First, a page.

The Best Private College Counselors Work Behind the Scenes

Private college counselors should not allow their current high school students to speak about the admissions process to reporters (photo credit: Derrick Smith).

File this one under please don’t ever confuse our company with IvyWise! Since Ivy Coach’s inception over 28 years ago, we have asserted that the best private college counselors work exclusively behind the scenes. After all, it does not behoove an applicant to acknowledge they had the help of a private college counselor as they navigate the highly selective college admissions process. And while there is absolutely nothing wrong with enlisting the help of a private college counselor — and so many college applicants across America and around the world do understandably choose to enlist the help of private college counselors, why advertise it? Does Tom Brady advertise all the details of his training regimen? Does a classical pianist spell out for the world the precise daily methods through which he or she approaches the craft?

The Lowly Independent Educational Consultants Association Suggests Private College Counselors Interface with School Counselors

Loyal readers of our college admissions blog know what we think of the lowly Independent Educational Consultants Association. While we are proud members of the National Association for College Admission Counseling, membership in the IECA, in our view, isn’t worth the paper it’s written on and one should think twice before enlisting the help of a college counselor who is a member of this organization. Want to know why? So many reasons! But look no further than New York Times piece in which the CEO of the IECA, a man we’ve deemed the villain of college admissions, Mark Sklarow, states, “An effective and ethical private consultant will often call a school counselor to learn more about a student’s grades, classroom demeanor and strengths and weaknesses.”

The Lowly Independent Educational Consultants Association’s Advice Is Horrible

We, of course, firmly believe just the opposite of what the villain of college admissions has suggested (yes, we’ve got heroes and villains of this college admissions blog): an effective and ethical private college consultant will always honor the confidentiality of their clients. Even if they did have the permission of a family, an effective and ethical private college consultant will never interface with a school counselor — or anyone on behalf of a student or his or her parents. Effective and ethical private college consultants work exclusively behind the scenes. Why on earth would you want your child’s counselor to know that you’re getting outside help? Why would you want the counselor to think you’re second guessing his or her every move? This is the very person who will be writing a letter of recommendation on behalf of your child. And what if — god forbid — the fact that your child had outside help made its way into said letter of recommendation? This would only make the student present as privileged and unlikable to college admissions officers, offsetting any help a private college counselor could provide.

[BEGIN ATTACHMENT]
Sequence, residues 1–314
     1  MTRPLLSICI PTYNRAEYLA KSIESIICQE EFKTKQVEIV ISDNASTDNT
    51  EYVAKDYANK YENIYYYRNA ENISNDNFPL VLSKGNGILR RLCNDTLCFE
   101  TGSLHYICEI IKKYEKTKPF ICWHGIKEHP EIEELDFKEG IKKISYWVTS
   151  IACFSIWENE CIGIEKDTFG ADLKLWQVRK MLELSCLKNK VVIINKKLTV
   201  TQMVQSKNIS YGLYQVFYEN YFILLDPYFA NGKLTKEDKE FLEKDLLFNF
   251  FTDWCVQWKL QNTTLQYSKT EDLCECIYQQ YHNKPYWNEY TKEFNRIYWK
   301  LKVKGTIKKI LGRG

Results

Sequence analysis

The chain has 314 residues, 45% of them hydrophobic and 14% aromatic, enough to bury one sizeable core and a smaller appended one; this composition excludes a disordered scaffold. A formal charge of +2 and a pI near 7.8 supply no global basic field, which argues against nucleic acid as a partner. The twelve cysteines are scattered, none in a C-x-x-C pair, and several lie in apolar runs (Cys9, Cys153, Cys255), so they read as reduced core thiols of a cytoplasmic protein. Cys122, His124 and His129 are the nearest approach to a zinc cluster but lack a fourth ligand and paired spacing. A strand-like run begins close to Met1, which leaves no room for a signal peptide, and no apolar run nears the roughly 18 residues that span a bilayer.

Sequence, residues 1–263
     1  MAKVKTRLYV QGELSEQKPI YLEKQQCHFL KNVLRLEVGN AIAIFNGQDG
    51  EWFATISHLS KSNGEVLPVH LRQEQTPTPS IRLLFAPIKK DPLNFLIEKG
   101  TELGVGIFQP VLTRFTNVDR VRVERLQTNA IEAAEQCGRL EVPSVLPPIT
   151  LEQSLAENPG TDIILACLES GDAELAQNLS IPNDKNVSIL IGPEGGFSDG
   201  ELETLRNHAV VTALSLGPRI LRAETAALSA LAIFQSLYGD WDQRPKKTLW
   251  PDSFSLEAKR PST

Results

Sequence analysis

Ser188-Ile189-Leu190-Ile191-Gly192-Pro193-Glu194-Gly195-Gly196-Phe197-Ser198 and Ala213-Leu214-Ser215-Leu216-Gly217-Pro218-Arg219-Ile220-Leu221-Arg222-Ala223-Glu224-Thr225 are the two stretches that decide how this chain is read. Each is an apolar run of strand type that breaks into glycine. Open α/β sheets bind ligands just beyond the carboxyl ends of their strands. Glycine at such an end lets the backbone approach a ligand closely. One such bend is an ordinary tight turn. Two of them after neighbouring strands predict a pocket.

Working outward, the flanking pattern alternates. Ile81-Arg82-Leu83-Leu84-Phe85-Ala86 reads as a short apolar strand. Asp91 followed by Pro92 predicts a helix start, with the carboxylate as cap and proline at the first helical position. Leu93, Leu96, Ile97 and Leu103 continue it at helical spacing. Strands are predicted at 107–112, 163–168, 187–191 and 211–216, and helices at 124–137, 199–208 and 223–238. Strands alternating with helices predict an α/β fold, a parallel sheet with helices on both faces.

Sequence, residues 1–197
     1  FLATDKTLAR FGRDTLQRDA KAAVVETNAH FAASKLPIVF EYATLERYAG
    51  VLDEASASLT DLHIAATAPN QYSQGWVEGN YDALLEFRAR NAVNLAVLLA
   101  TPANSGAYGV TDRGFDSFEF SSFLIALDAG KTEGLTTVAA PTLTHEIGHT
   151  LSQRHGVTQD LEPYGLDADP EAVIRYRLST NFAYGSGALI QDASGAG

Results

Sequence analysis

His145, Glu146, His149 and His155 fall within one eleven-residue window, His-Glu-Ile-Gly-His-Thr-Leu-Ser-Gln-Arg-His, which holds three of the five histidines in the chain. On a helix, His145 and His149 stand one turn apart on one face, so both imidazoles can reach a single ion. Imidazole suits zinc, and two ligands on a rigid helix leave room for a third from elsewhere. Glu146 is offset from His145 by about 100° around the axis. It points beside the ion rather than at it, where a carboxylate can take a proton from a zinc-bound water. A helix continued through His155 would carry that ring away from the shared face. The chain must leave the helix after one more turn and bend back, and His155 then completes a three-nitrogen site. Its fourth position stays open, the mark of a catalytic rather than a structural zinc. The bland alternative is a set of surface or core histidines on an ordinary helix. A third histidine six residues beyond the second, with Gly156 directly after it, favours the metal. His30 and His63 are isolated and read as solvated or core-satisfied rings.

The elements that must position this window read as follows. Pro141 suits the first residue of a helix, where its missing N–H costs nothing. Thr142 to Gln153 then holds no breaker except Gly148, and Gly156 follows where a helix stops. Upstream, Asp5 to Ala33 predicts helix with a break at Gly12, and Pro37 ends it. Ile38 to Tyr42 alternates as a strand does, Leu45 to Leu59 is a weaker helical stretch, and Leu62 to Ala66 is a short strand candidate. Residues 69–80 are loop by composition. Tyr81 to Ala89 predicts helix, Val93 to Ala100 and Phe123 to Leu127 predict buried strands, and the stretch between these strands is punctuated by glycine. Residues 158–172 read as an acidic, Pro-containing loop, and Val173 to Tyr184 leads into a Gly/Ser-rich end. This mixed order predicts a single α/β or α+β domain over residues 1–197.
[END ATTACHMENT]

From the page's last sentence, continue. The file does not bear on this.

A Private College Counseling Firm Advertises Working with a Named Current High School Senior in Press

And if you’re wondering why we’re bringing this all up today, well, look no further than an article in The Washington Post by Jon Marcus entitled “As admissions season descends, warning signs appear for low-income applicants.” In the piece, which tells the story of Aya Hamza, a current high school senior, Mr. Marcus writes, “‘There’s a lot more murkiness for everyone about this application process,’ said Katie Burns, a former admissions officer at MIT and now a counselor at IvyWise, the private company that helped Hamza. ‘But I see it impacting low-income students the most.'” Does anyone see anything strange? Wait for it. Wait for it. Ding, ding, ding!

We Believe That College Counseling Firm Has Done the High School Senior a Disservice

Why oh why is private college counseling firm IvyWise advertising that they’re working with a current high school senior — pro bono or otherwise? There is no indication in the piece that Ms. Hamza earned admission in the Early round and, even if she did and is not currently up for admission in Regular Decision or Early Decision II, she’s still a high school senior. The process is not completely over for Ms. Hamza. We have no qualms whatsoever with a private college counselor including testimonials from former clients in subsequent years — with their express permission of course. But while the student is a high school senior? We receive regular requests from news outlets in which reporters ask if we’d be willing to put them in touch with one of our clients so they can get a quote from a student or parent navigating the admissions process. Do you know what we always tell these reporters? No way! We’re disappointed IvyWise didn’t think to do the same. Mic drop.

 
 

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